“The young woman looked up and saw him, though, and when she looked at him with eyes that were full of bright, diamond-clear tears, the boy couldn’t stay away. He picked his way through the sharp thorns, carefully untangling them. As soon as she was free, the young woman sprang to her feet as gracefully as a deer.

“‘Why did you help me?’ she demanded. She looked wary of him, as if she expected him to demand payment.

“The boy, nonplussed, told her it was because she looked in need of help, and asked if she’d rather have stayed there, caught in the thorns.

“Of course, she said she was glad he’d come. But it was with suspicion that she looked up at him sideways. ‘You should know,’ she said, ‘what I am.’

“‘What are you?’ the boy replied.

“Wordlessly, she held out her hand and let flames bathe her dark skin in copper light.

“The boy stepped away as the fire died from her palm.

“‘Would you still have saved me,” the girl said, ‘if you had known what I was?’

“And to that, the boy had to be honest. ‘Yes,’ he said. ‘I suppose I would.’

“‘Would it be because you wanted a boon?’

“‘I didn’t know boons were involved,’ the boy confessed. ‘So, no.’

“The girl looked at him very strangely. ‘Come back here three days hence,’ she said, and with that, the boy noticed smoke curling from the trees. On each tree he’d passed to reach the girl, there was now seared a spiral. A path to follow.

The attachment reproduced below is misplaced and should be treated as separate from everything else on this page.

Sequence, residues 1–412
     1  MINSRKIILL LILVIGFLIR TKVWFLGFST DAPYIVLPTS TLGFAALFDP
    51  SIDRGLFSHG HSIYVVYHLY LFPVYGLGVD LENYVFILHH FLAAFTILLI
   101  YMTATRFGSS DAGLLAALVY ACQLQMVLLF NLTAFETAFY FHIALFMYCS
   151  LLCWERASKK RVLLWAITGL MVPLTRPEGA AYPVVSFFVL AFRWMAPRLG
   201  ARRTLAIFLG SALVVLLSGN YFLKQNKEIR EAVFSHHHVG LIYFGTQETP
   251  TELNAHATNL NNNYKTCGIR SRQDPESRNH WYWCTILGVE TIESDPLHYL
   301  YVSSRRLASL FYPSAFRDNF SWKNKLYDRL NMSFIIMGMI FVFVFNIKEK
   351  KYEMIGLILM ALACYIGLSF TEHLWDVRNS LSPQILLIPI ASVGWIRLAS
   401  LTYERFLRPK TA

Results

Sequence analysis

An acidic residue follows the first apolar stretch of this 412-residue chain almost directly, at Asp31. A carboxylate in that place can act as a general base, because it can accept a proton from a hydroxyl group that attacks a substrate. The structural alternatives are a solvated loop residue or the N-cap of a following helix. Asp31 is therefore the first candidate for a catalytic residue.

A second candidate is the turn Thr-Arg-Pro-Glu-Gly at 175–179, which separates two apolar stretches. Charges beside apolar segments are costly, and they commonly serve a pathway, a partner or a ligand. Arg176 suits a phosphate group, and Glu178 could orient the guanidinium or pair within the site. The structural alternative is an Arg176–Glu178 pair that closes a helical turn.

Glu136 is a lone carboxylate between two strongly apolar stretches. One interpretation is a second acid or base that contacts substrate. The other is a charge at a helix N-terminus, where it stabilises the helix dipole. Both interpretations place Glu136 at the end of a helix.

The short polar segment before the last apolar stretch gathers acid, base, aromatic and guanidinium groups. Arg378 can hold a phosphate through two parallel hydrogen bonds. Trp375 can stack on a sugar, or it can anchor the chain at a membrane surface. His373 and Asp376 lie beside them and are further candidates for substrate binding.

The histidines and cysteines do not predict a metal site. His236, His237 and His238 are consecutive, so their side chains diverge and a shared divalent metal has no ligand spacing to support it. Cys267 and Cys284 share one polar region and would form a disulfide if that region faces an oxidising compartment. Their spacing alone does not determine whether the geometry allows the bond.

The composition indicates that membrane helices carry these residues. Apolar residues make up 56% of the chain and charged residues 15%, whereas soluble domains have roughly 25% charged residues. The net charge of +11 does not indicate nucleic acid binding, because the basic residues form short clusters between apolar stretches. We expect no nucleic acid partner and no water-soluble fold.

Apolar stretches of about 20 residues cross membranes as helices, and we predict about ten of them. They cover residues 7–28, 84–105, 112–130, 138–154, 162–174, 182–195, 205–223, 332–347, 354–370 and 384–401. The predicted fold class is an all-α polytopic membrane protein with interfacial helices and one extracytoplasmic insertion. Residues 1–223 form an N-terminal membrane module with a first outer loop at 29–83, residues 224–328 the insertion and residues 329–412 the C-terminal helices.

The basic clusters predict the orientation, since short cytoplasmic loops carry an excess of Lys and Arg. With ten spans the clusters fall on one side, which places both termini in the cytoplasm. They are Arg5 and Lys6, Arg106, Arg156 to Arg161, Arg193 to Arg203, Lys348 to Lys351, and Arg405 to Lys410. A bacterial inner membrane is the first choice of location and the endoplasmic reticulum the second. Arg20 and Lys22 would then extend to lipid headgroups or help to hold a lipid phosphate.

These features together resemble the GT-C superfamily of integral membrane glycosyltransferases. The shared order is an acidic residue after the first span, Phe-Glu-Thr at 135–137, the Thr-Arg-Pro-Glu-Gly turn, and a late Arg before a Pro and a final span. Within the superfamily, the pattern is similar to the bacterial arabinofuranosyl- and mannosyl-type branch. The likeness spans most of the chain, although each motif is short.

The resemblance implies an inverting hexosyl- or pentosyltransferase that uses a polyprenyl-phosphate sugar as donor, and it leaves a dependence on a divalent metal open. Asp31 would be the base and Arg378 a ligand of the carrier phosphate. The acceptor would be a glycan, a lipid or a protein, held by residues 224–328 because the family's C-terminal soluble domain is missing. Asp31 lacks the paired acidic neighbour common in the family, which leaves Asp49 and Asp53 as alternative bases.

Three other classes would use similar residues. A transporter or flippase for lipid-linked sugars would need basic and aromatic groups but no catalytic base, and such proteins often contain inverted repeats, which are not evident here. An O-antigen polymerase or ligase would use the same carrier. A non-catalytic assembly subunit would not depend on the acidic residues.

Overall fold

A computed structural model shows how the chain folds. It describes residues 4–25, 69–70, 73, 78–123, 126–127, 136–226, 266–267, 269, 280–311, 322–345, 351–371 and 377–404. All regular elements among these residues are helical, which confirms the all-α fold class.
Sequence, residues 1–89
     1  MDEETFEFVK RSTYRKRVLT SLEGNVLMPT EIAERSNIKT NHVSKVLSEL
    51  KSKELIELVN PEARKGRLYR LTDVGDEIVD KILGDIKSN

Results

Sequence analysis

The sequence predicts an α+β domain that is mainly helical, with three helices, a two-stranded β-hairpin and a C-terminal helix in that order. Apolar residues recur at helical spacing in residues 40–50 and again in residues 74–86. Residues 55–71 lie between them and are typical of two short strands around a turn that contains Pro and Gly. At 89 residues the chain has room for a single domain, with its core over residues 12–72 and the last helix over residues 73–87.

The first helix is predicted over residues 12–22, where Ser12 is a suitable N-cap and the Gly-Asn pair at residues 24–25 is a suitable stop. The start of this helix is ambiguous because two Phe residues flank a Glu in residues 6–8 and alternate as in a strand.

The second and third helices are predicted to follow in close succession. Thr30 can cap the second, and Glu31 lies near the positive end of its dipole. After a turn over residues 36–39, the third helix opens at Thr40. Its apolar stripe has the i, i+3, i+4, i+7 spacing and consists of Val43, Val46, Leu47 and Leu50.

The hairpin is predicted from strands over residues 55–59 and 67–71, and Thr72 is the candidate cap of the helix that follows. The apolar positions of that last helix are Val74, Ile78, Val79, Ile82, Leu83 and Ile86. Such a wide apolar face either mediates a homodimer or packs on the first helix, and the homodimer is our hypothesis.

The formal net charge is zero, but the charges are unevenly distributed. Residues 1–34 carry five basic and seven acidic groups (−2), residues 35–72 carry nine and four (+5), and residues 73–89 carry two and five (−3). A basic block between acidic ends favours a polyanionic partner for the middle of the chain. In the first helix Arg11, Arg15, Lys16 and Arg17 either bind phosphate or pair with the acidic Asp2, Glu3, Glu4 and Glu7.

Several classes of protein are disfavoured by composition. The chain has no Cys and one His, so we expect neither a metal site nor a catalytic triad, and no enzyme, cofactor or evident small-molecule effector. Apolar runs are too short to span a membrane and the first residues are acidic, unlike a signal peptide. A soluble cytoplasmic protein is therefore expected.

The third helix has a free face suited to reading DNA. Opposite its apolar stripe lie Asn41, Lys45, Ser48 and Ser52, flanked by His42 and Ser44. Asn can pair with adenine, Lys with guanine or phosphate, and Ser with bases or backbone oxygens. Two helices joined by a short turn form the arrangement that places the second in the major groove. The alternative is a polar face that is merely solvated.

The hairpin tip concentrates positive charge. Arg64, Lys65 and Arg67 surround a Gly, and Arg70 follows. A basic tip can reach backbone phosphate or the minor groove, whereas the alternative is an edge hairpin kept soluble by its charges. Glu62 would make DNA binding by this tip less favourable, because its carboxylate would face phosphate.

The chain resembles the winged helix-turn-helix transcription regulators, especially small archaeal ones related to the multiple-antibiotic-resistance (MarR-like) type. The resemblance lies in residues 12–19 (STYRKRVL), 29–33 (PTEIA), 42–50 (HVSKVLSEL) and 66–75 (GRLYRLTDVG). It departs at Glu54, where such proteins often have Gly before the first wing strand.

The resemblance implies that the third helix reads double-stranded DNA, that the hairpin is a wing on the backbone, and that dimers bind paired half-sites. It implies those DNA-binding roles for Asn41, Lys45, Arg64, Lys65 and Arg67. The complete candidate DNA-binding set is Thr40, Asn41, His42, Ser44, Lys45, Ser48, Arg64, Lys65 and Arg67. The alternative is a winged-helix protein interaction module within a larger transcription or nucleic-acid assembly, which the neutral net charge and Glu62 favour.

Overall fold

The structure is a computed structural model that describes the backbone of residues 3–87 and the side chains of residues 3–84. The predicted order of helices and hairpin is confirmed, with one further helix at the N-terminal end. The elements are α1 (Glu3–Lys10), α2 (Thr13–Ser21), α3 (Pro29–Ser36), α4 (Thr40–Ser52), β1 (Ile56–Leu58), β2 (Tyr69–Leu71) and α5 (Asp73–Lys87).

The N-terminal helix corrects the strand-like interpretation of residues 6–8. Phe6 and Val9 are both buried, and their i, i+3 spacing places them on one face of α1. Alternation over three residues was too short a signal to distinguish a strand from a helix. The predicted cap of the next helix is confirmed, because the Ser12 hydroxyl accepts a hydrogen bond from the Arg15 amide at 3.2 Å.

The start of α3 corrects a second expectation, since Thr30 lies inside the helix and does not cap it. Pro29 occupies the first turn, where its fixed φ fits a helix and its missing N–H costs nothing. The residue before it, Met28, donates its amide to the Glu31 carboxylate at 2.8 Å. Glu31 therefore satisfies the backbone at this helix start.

“When he looked back to her, she was gone.

“The boy visited the spot as he’d been told, and he and the faerie girl began to talk. They talked until dark, and then met the next day as well… and the next day, and the next day. They became fast friends, and, as they grew older, they realized that it wasn’t so far from friendship to love.

“The boy loved the faerie girl until the day he died. They shared their secrets, shared their whole selves, and made each other very happy.”

Somewhere in the story, Ninian’s fingers had stilled in my hair. I sighed gently. “That was a good story.” Just a peek, I open my eyes. “I can’t believe it worked. With the human and the faerie.”

It was Ninian’s turn to sigh, a little half-laugh. “I know, mate,” he says, and brushes my hair back one last time before picking up the candle again. “The world is a very strange place. And…” He shakes his head. He gets in a mood, sometimes, after stories. More distant, but maybe just dreamier. “And sometimes, it’s beautiful, too.” He’s smiling just a little, and my eyes are sagging shut. “I’ll be downstairs with Áed, mate,” he says, and I can hear the affection in his words. It’s wonderful and rosy-colored and it makes me feel warm, to know how much he loves Áed, and how much he loves me. “Sleep well, Ronan.”



E.G. RADCLIFF IS AN INCURABLE WRITER, lifelong imaginer of worlds, and author of The Coming of Áed fantasy book series. An insatiable reader and researcher with a penchant for all things Celtic and a love of the mysterious and magical, she brings a knowing touch to her Young Adult fiction. She enjoys adventure, reading on the train, and dreams about flying.

She is a Chicago native and is based in Illinois.